Luther and the Great German Peasants’ War of 1525
I just finished posting the first chapter of a book that I was writing on Luther and the Great German Peasants’ War of 1525. It is about 100 pages double-spaced in courier font. The wordpress font makes it about three quarters as long. I guess because of its size wordpress put it right into its category, Luther and the subcategory, the Peasants’ War, on the right of my blog.
I had to get the manuscript from little sections contained in 5 and 1/4 inch floppies. Where I thought a paragraph was missing, it turned out 40 pages were missing. But it was a labor of love. I have many more manuscripts that I never published. The next one I hope to get into my blog is Luther and the Niebuhr Brothers, again in relation to the position he took against the Peasants’ War. That is also a long chapter.
I had hoped to go to graduate school and start publishing my work, but after another six years of studying Luther and the Peasants’ War, I had to change my thesis to Luther and pamphlet studies. When I investigated what I thought was a legalistic ethos of his time, I was surprised to discover that there were actually two ecclesiastical court systems, the old arch-deaconal court and the newer episcopal courts besides all of the civil courts. Luther’s burning the canon law on Dec. 10, 1520 was incredibly revolutionary. The manuscript I just posted was my last writing before leaving for graduate school.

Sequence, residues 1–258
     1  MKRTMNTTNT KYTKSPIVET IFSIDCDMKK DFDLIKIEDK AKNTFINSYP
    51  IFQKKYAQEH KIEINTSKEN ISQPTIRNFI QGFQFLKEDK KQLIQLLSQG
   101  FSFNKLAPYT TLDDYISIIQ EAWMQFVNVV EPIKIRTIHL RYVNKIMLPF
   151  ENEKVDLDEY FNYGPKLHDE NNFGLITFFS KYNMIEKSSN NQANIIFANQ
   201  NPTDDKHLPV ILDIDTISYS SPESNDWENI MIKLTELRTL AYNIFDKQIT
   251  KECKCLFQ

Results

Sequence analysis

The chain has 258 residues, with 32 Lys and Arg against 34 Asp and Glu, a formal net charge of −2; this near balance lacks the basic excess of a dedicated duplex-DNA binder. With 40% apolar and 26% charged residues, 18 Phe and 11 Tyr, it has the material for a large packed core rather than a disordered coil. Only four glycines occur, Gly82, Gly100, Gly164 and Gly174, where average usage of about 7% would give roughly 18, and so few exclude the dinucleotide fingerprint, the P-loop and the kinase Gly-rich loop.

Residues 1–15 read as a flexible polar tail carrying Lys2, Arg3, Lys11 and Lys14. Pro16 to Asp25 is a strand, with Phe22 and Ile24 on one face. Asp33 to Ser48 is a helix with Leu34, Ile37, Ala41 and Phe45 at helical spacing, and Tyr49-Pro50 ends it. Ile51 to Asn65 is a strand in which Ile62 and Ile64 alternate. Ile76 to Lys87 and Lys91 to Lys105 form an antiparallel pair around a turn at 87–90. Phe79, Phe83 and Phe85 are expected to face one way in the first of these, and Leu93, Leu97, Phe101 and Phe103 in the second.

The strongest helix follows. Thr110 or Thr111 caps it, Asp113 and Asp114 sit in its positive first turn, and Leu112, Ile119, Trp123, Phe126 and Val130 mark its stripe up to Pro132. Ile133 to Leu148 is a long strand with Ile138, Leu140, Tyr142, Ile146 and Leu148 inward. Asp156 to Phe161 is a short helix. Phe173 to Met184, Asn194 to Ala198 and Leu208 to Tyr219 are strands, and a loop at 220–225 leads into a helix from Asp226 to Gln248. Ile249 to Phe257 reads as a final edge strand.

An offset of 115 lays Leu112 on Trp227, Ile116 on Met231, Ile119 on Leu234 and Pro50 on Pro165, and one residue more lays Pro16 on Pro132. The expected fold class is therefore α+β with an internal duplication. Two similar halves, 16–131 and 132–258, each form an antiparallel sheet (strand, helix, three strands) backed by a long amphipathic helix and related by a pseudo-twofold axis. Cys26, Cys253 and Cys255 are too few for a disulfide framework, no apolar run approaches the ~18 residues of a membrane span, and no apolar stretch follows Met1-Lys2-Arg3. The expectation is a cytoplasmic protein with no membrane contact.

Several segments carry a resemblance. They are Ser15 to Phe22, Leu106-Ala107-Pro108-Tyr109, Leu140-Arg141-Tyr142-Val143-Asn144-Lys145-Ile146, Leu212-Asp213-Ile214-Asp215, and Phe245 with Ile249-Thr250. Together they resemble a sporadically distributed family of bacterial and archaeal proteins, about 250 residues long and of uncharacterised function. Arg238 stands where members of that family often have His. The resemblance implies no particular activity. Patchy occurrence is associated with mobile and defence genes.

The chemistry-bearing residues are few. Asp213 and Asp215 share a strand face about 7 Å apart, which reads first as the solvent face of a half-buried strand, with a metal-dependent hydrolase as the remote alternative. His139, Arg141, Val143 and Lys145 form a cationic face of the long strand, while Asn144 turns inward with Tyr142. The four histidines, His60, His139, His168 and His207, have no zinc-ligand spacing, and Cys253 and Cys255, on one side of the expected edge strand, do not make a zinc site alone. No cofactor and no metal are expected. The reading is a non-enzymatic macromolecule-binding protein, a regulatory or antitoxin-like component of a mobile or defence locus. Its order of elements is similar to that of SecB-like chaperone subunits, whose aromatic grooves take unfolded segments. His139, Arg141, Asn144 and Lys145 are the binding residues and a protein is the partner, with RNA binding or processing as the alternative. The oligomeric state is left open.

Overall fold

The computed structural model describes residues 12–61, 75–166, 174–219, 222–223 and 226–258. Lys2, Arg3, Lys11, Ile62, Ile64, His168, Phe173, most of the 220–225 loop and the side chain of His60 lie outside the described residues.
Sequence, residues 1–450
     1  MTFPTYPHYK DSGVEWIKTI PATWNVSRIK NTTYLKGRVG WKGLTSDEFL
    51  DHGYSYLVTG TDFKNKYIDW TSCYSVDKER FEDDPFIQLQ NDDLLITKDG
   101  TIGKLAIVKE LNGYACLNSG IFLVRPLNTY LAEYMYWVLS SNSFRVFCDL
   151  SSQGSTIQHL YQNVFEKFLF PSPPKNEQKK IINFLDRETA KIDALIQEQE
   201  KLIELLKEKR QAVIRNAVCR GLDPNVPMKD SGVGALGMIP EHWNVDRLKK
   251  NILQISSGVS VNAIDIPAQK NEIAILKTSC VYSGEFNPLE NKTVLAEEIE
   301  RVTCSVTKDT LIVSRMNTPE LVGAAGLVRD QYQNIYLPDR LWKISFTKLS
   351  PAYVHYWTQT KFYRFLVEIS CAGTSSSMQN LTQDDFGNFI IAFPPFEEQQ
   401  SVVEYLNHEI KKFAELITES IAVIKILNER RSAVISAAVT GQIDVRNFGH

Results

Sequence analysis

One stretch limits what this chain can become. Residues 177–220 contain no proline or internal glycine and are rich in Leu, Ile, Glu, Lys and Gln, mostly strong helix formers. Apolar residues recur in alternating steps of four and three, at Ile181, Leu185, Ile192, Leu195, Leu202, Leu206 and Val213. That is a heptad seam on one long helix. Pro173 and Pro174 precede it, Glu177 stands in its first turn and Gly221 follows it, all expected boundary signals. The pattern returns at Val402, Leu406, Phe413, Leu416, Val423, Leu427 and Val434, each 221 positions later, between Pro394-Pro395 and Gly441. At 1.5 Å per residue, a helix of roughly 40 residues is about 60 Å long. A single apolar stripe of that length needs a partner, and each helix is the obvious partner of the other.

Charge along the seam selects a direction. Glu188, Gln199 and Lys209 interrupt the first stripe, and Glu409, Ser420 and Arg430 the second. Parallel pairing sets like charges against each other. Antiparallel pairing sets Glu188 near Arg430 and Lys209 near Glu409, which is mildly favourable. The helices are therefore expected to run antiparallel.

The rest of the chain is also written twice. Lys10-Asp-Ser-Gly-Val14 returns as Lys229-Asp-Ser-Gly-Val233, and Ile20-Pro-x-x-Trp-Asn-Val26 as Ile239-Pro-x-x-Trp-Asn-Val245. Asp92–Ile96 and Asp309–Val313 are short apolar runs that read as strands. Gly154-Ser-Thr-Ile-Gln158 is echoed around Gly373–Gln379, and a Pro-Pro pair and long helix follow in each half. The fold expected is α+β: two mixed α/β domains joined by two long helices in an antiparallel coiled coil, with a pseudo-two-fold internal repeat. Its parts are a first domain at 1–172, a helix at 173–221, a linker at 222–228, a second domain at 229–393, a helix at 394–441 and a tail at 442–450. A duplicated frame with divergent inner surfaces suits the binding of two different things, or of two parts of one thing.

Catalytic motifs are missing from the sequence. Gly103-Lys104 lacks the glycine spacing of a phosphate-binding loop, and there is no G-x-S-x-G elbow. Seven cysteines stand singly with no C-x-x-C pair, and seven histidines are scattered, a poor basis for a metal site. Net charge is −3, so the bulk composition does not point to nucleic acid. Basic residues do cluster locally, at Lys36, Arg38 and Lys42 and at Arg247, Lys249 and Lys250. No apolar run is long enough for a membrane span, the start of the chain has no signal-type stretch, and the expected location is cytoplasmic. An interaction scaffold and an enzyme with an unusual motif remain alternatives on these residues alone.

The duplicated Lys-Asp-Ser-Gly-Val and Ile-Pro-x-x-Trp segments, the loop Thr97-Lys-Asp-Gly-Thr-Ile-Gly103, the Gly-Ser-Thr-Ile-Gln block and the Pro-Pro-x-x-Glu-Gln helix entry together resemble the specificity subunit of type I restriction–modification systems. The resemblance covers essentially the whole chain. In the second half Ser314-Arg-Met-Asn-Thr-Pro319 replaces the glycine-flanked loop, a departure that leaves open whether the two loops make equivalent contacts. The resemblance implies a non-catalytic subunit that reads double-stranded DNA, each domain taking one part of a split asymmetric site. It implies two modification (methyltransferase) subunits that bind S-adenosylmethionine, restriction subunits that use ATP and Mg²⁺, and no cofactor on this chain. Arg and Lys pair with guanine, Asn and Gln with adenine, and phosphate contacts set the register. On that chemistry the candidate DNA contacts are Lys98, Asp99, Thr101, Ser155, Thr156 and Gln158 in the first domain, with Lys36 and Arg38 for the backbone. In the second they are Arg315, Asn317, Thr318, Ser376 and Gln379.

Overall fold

If only the German peasants could have known about a non-violent approach, they may have brought their regime down, the way the Egyptians just did. As it was, the murderous feudal transitioning to territorial structure of governance killed an estimated 100,000 peasants in that war that was no war but a massacre of peasants. Many an evangelical pastor sided with the peasants and had to stretch his neck out on the chopping block as well. I think that this underside of the Reformation is well worth remembering.